Our next step is discussing the reason we have all been brought together. At this point, usually the teacher speaks first, voicing his or her greatest concerns. We ask the teacher to bring samples of the student’s work and any current data. Then our specialist(s), if present, report observations they have from working with the child. Sometimes parents will add their list of concerns as well. Most often the concern relates to reading. Frequently, the student is far below grade level, often lacking phonemic awareness, recognizing very few sight words, and showing an extremely low reading fluency score. The data presented at our meeting helps to express our concerns.
Although most of our meetings center on academic concerns, we occasionally meet in regards to students whose behavior is not only disruptive to their classmates, but a cause of their inability to make academic progress. Often parents will ask us if their child has ADD or ADHD. While, as teachers, we are not qualified to make such a diagnosis, we can suggest that they speak to their family doctor about their concerns. We inform them of the process in making that determination and what our role as a school is in the process. We also offer support for the families, such as referrals for parenting classes and counseling. There are often underlying reasons for a student’s misbehavior. Sometimes a student uses disruption as a strategy of avoiding difficult classwork. The more difficult school becomes, the more disruptive the child might be. It is a never-ending spiral.
Our meeting continues with information gathering. This can be as simple as learning that the child is supposed to wear glasses or has a history of ear infections that affects their hearing. If parents feel that they are in a safe, supportive environment, they will often share critical details with us. They might talk about their family history of learning disabilities, home issues such as homelessness, or in some cases, drug and alcohol use during their pregnancy. This part of our meeting can be crucial in forming our next steps to helping the student be successful. This is why it is imperative to make the parents feel comfortable and to stress that we are not there to judge; the purpose of our meeting is to help their child have a successful school experience.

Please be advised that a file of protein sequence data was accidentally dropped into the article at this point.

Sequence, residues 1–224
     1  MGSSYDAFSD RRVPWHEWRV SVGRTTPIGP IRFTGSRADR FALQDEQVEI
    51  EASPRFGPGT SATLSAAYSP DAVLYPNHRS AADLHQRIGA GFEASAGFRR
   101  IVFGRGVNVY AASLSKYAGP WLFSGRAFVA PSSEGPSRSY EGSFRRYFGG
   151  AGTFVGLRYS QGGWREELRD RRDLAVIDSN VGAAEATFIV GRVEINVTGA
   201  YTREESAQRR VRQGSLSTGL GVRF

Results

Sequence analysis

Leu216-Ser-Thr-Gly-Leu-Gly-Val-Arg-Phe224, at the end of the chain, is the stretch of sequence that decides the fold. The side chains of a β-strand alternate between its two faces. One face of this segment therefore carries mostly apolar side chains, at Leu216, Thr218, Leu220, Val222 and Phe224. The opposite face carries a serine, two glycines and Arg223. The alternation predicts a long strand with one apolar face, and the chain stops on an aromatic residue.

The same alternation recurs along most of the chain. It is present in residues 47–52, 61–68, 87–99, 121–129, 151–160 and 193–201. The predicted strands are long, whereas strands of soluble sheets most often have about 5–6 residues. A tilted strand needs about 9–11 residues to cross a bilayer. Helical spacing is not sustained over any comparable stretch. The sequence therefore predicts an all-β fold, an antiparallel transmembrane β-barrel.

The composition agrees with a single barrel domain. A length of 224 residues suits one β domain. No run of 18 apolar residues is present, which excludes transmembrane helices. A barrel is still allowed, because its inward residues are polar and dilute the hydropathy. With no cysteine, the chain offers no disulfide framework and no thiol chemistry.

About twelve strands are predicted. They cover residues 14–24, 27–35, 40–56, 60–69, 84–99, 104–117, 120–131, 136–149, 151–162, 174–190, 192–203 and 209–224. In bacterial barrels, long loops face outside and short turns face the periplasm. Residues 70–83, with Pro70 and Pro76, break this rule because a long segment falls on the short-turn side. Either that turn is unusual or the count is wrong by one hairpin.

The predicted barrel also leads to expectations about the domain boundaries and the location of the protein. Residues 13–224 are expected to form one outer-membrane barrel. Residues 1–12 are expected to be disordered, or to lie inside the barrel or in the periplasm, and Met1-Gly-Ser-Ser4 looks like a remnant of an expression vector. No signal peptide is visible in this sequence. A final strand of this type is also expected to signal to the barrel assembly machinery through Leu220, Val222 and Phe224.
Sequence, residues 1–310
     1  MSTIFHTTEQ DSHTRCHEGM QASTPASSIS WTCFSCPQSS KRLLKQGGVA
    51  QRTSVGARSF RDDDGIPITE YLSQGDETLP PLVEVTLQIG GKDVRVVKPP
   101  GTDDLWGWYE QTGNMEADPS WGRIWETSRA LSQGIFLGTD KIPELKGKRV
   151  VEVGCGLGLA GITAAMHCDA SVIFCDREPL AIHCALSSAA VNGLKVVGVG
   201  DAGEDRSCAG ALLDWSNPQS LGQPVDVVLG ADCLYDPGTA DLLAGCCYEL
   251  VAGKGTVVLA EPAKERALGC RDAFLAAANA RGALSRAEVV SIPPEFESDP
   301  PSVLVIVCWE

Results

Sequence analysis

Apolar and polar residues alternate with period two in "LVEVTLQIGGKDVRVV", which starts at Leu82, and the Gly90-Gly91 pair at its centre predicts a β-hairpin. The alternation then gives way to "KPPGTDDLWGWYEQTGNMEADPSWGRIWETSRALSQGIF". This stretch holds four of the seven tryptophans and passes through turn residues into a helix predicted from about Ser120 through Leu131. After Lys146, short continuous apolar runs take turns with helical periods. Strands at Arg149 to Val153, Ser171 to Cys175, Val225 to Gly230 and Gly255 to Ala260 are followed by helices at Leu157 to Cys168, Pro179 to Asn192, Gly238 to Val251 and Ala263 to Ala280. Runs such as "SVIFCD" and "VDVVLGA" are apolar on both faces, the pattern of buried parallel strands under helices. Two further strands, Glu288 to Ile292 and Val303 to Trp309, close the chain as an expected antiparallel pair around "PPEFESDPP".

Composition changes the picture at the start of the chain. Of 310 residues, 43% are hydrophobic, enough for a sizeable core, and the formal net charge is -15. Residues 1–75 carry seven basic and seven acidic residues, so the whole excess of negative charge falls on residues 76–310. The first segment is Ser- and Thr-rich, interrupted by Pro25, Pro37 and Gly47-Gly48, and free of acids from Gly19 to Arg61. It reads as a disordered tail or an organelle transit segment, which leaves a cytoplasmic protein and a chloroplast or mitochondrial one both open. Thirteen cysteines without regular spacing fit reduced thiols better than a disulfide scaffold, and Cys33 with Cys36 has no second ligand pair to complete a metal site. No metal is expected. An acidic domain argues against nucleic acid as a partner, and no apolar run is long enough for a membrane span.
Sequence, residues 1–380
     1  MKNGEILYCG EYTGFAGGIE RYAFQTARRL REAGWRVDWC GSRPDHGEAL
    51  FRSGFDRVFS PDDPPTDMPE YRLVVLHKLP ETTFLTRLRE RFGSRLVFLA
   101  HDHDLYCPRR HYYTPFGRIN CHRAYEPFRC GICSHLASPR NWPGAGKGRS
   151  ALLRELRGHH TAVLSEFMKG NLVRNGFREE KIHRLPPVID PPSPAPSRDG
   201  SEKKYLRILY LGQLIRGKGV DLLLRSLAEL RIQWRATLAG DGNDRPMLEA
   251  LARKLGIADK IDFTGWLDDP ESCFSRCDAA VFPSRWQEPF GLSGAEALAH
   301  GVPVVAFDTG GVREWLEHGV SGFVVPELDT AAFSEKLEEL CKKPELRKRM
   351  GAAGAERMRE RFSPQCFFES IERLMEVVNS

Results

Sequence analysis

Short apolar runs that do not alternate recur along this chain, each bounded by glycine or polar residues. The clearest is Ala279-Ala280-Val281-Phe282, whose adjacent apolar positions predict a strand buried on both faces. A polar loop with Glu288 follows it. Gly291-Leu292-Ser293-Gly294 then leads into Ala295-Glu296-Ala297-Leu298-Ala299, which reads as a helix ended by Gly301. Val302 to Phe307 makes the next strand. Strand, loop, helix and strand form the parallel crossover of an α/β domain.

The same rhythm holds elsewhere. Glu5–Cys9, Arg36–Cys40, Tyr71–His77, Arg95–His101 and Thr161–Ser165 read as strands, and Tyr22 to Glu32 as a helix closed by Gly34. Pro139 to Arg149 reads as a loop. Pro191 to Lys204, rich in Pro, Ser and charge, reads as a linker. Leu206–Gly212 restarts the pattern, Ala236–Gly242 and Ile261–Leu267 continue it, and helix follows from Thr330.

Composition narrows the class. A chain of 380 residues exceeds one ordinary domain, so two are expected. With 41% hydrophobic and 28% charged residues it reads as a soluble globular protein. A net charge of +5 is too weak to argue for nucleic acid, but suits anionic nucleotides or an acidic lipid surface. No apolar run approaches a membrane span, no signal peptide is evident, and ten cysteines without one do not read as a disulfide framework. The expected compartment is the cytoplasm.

After looking at what modifications have already been put in place, such as modified class work and homework, extra teacher support, peer tutoring, and access to other school-wide interventions, our next step is to look at what services the student has not yet received and what referrals, if any, should be made. Often it will be up to the parent to help with interventions at home such as spending extra time using flash cards or reading with their child. Other times parents might be given the responsibility of discussing concerns about ADD or ADHD with their family doctor or making an appointment with an optometrist. We then make a plan to re-meet once the new interventions have been in place for a set amount of time.
We also like the teacher to leave the meeting with some tools to take back to the classroom that can be implemented immediately. Although the book we use was designed to be a pre-referral handbook, it offers intervention strategies that can be easily implemented by the teacher for many common learning and behavior problems.
Meeting with the parents, and working together as a team, can be very productive. We learn a lot of valuable information that can often give us better insight into the child. Having this knowledge can then help us to serve and meet this child’s very specific needs.